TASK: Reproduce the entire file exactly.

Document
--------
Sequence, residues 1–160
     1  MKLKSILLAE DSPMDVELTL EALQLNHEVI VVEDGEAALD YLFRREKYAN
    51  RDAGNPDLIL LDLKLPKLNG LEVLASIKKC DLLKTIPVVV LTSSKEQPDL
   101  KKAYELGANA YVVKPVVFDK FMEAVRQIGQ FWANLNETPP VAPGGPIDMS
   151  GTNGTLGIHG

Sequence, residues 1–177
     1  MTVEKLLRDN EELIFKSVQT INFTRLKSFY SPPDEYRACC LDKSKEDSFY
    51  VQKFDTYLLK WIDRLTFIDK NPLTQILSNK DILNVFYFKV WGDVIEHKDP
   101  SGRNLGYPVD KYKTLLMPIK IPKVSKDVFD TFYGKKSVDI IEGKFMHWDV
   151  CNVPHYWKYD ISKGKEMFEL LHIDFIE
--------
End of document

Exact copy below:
Sequence, residues 1–160
     1  MKLKSILLAE DSPMDVELTL EALQLNHEVI VVEDGEAALD YLFRREKYAN
    51  RDAGNPDLIL LDLKLPKLNG LEVLASIKKC DLLKTIPVVV LTSSKEQPDL
   101  KKAYELGANA YVVKPVVFDK FMEAVRQIGQ FWANLNETPP VAPGGPIDMS
   151  GTNGTLGIHG

Sequence, residues 1–177
     1  MTVEKLLRDN EELIFKSVQT INFTRLKSFY SPPDEYRACC LDKSKEDSFY
    51  VQKFDTYLLK WIDRLTFIDK NPLTQILSNK DILNVFYFKV WGDVIEHKDP
   101  SGRNLGYPVD KYKTLLMPIK IPKVSKDVFD TFYGKKSVDI IEGKFMHWDV
   151  CNVPHYWKYD ISKGKEMFEL LHIDFIE